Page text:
Plant Cells

Japanese scientists create fire resistant material from plant cells

Publicado por: Redacción EFEverde 12 de enero, 2016 Tokio

Tokyo (EFE).- Japanese scientists have developed a light, durable and fire-resistant material from plant cells and resin that can be used in the manufacture of car parts, trains and aircraft, Asahi newspaper reported Tuesday.

A team from the Mie University Graduate School & Faculty of Bioresources in central Japan studied the functions of lignin, an organic polymer that is found in the walls of plant cells and cellulose nanofibers.

The researchers used lignin, a by-product of the paper industry that has no value in itself and is generally burned off, as the base element and developed its "nanocellulose lignophenol composite" or LNCC, which fully integrates nanofibers of cellulose within the resin, explained study head Professor Masamitsu Funaoka to Asahi.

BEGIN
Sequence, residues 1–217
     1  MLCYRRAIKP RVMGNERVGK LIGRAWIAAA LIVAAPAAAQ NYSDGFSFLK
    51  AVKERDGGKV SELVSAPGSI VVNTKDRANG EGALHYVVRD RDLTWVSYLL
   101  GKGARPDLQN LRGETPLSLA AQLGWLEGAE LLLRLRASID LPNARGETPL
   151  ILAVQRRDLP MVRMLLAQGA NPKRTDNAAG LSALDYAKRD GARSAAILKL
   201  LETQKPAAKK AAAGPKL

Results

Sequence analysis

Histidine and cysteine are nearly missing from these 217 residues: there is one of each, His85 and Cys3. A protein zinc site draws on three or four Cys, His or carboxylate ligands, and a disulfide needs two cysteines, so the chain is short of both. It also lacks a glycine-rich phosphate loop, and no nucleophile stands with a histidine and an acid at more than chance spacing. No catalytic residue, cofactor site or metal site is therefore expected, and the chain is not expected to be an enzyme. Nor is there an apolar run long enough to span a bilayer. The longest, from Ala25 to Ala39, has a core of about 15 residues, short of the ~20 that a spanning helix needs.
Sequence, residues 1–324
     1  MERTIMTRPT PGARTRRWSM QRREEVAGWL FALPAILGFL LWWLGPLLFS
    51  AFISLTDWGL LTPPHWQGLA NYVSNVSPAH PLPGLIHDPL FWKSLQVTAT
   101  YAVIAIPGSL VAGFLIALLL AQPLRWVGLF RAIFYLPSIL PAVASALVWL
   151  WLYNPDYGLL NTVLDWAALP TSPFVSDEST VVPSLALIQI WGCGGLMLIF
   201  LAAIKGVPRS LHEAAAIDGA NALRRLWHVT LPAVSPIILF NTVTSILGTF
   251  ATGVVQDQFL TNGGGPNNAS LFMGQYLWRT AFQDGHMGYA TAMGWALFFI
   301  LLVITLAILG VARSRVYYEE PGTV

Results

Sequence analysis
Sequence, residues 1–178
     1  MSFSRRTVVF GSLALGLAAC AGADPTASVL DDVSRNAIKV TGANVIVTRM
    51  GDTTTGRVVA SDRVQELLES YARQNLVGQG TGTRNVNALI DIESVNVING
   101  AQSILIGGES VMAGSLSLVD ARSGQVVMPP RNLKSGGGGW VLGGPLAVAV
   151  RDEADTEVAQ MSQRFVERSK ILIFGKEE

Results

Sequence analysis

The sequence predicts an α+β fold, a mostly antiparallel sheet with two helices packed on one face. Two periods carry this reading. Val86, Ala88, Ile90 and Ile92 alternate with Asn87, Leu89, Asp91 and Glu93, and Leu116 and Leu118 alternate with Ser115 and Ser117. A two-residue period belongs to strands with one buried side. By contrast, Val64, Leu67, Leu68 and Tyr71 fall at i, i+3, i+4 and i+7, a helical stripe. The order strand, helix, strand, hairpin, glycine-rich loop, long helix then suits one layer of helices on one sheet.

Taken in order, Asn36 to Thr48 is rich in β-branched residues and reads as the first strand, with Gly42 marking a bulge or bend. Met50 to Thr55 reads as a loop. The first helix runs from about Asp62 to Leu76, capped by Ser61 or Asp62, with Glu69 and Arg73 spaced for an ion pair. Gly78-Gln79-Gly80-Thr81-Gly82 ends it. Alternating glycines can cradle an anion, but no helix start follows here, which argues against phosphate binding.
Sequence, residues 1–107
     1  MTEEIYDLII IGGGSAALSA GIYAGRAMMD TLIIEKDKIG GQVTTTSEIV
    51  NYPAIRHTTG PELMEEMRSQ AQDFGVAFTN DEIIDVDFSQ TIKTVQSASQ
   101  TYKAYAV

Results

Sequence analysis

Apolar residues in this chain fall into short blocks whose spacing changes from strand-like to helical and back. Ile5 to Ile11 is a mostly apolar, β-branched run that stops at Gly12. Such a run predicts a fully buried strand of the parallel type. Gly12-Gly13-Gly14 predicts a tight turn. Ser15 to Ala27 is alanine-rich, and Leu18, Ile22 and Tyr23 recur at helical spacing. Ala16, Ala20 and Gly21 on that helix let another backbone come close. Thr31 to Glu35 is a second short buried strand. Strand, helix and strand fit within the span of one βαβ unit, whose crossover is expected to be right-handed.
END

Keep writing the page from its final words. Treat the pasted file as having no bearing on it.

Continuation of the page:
LNCC is obtained by letting the cellulose nanofibers and resin react to temperature and ambient pressure for a few minutes.

Terrestrial plants

All terrestrial plants can be used to produce the compound, according to Funaoka.

This plant nanofiber composite could also facilitate recycling plastics reinforced with fiberglass that are currently employed in sectors, including the automotive industry in a cost effective manner.

However, the challenge lies in marketing the material, since the integration of soluble cellulose nanofibers in water-insoluble resin is a complicated process.

Scientists are now investigating methods to achieve mass production of the material for commercialization. EFEverde



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